The use of the term “Janeites” to describe Austen’s fans dates from at least the early twentieth century. While most Austen fans today are women, early Janeites were often men. Rudyard Kipling wrote a short story called “The Janeites” about a group of World War I soldiers who were closet Austen fanatics.

Jane died in 1817 at the age of 41. Her cause of death is unknown, although speculation based on current medical knowledge is that she suffered from Addison’s Disease. Others speculate she was poisoned, accidentally most likely, but….


Was that fun? Did you learn something? I hope so! The truth is that Jane’s life is shrouded in mystery. Only a few private letters remain since most were destroyed by her sister, and her nephew James Edward Austen-Leigh edited the ones published in A Memoir to Jane Austen in 1869 to color Jane in a softer light than her true caustic self. Her words are often humorous and wry, thus not always clear whether she was joking or expressing a serious belief.

What do you think? Any fun Jane Austen facts to share?

25 Responses to Did you know THIS about Jane Austen?

  1. Sorry, the Hardwicke act doesn’t say anything about a man marrying his deceased wife’s sister. That was all in the church rules of marriage. Doing so before 1835 made the marriage voidable. After 1835 it was illegal. it remained the annual blister ( as Gilbert and Sullivan called it) until 1907 or so.
    The Handsome Proctor had to find some one to give him a living or a position someplace as dons and proctors couldn’t marry ( neither could students be married) A relative presented him with ta living which enabled him to marry. His background was one that many say wasn’t even of the gentry. However, clergymen like officers in the army and navy were deemed gentlemen no matter their birth status.

  2. How fascinating! I’m new to Jane Austen’s books (and to JAFF I’m even newer) so all this is news to me and I’m obsessed by it all! It does look like she has her fathers nose but the first brother looks like he might have inherited the same nose as his mother. It’s hard to tell from paintings though…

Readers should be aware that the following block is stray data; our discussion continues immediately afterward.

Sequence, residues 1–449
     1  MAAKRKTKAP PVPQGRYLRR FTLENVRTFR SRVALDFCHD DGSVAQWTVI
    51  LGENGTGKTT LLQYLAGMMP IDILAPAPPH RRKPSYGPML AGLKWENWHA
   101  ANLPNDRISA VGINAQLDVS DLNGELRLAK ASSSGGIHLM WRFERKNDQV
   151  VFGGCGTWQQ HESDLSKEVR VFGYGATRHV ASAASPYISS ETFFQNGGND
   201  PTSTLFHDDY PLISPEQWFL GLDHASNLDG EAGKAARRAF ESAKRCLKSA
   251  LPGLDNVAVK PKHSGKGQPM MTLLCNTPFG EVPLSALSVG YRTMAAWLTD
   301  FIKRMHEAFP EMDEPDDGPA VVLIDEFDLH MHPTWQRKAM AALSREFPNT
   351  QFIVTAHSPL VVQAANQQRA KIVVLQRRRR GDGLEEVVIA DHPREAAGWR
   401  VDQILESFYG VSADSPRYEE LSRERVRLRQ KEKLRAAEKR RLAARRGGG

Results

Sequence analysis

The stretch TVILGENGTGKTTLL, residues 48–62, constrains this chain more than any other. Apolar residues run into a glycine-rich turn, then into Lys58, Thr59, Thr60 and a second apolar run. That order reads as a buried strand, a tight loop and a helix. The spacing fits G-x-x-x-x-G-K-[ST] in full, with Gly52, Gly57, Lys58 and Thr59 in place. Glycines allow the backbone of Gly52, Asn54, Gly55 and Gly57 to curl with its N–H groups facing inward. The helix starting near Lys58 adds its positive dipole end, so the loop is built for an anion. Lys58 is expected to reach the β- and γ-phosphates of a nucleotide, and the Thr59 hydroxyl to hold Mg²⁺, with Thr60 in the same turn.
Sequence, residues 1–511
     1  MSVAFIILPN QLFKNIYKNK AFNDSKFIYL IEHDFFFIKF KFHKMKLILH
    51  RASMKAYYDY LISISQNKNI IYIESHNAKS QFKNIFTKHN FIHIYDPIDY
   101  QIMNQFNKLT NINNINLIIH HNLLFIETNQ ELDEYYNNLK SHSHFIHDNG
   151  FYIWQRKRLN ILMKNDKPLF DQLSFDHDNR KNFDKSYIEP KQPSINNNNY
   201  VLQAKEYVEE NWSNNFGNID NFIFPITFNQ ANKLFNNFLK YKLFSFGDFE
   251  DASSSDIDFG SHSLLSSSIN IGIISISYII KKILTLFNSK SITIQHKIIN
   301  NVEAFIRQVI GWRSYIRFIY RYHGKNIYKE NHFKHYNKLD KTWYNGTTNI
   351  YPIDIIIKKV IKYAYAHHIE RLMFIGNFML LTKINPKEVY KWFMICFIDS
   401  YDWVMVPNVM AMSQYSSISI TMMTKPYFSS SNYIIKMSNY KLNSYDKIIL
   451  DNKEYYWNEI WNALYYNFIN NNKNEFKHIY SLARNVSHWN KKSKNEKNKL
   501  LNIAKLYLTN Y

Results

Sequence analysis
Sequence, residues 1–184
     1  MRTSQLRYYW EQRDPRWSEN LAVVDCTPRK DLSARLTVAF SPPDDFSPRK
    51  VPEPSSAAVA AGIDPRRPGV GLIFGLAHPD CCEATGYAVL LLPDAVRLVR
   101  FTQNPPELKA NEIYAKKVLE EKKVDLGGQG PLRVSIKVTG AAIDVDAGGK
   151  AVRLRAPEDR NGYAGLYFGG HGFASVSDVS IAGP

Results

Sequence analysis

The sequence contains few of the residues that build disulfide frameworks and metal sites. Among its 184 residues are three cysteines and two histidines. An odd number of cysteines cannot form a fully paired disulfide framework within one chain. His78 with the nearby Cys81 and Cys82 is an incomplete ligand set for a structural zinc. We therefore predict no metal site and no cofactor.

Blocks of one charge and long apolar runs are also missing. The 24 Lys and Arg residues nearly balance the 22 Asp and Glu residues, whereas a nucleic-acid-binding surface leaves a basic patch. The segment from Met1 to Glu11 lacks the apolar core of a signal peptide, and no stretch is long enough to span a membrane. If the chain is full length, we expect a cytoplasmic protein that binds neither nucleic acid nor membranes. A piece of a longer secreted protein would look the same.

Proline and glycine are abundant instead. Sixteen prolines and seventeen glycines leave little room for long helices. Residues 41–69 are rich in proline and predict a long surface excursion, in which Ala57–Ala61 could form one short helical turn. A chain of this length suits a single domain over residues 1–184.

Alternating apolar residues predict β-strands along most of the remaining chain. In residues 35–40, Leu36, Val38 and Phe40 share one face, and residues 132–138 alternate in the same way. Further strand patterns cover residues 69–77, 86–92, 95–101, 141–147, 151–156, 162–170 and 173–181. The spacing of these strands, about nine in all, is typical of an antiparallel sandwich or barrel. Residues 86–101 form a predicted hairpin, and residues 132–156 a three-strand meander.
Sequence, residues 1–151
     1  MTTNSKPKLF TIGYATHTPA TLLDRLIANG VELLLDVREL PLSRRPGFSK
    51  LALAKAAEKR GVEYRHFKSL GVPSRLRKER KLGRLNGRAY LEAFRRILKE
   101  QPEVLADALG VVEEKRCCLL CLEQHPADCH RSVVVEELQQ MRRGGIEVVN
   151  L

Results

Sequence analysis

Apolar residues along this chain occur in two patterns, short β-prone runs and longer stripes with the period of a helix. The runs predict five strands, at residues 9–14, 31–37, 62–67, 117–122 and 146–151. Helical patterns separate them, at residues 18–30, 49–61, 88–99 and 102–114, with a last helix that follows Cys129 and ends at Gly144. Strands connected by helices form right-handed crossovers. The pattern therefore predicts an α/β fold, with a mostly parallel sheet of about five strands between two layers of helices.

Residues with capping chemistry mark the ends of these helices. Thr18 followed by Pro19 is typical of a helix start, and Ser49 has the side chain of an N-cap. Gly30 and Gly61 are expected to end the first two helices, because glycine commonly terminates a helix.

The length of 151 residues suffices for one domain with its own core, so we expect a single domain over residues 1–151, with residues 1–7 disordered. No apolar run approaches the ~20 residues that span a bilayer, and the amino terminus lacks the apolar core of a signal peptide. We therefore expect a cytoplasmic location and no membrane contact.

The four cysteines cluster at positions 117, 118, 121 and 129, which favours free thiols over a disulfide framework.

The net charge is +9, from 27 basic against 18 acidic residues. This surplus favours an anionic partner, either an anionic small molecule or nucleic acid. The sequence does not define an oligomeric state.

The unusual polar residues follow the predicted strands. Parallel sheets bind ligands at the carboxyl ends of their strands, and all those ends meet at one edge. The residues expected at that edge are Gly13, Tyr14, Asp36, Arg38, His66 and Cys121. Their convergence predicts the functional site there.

3. Great piece, very interesting. I saw a TV programme about her once that speculated that Austen’s rise in popularity so long after he death was in part due to the increase in rail travel. As passenger numbers increased there grew to be demand for reading material on the train so cheap books were made using out-of-copyright texts and Austen was brought to a whole new audience.

  4. Just last night, my husband came up with a fun fact. After the Battle of the Nile, when Nelson was presented a “Mamalouc” cap to mark his victory. Austen then went about in her own Mamalouc cap, which in the book my husband was reading (Living in Britain Through Napoleon’s Wars by Jenny Uglow), was described as a fez. I liked the thought of Austen wearing the fez and it reminded me of the line from Sanditon where Mr Parker complains that calling his house Trafalgar isn’t quite the thing anymore.

  5. Hi everyone! Whew! My blog day got messed up a bit, didn’t it? LOL! Sorry for the website technical issues. Luckily all is now well *knocking on wood* so we are back in business. Yeah!

  6. I didn’t know that her mother “married down” – very interesting! And yet Jane may not have gotten along with her mother who had married for love. Hmm… Any idea how her parents met?

    • Good question. I don’t know how they met, so I had to look it up. According to the Jane Austen Centre:

      “Cassandra Leigh Austen (1739-1827) had family connections to a Duke as well as Lord Leigh of Stoneleigh Abbey. Reverend George Austen (1731-1805) was known as ‘The Handsome Proctor’ of St. John’s College, Oxford. It was here that the two met while Miss Leigh was visiting her uncle, Dr. Theophilus Leigh, Master of Balliol Collge. It seems that Cassandra was much like her daughters when young, witty and shrewd, while Rev. Austen was more scholarly and calm. They seemed to compliment each other perfectly. It would seem that Rev. Austen followed Miss Leigh to Bath to continue his courtship of her, as they were married there, at “old” St. Swithin’s Church, April 26, 1764.”